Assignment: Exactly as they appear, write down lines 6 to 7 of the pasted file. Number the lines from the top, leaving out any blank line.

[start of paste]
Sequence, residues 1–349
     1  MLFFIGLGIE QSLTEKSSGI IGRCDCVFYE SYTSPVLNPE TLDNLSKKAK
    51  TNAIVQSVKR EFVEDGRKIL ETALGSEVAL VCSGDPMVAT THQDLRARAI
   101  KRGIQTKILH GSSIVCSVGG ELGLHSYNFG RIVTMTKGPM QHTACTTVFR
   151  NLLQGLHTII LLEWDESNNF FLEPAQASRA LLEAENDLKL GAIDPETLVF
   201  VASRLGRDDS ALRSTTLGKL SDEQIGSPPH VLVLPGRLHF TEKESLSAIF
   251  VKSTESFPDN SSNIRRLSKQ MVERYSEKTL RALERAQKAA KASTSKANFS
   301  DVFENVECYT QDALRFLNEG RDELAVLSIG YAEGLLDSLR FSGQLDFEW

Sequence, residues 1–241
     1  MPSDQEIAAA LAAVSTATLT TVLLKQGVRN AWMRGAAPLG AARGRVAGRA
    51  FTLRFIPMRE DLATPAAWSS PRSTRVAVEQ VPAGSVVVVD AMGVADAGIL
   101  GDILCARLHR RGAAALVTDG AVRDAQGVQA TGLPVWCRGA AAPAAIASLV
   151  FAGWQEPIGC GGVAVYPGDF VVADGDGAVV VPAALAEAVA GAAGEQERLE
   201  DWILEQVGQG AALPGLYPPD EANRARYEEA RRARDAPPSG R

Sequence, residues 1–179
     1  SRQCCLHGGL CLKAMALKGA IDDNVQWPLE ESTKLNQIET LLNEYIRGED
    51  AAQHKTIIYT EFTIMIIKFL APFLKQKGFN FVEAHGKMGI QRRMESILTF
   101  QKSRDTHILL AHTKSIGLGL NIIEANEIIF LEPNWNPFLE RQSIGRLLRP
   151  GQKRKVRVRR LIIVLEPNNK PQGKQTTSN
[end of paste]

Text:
   201  VASRLGRDDS ALRSTTLGKL SDEQIGSPPH VLVLPGRLHF TEKESLSAIF
   251  VKSTESFPDN SSNIRRLSKQ MVERYSEKTL RALERAQKAA KASTSKANFS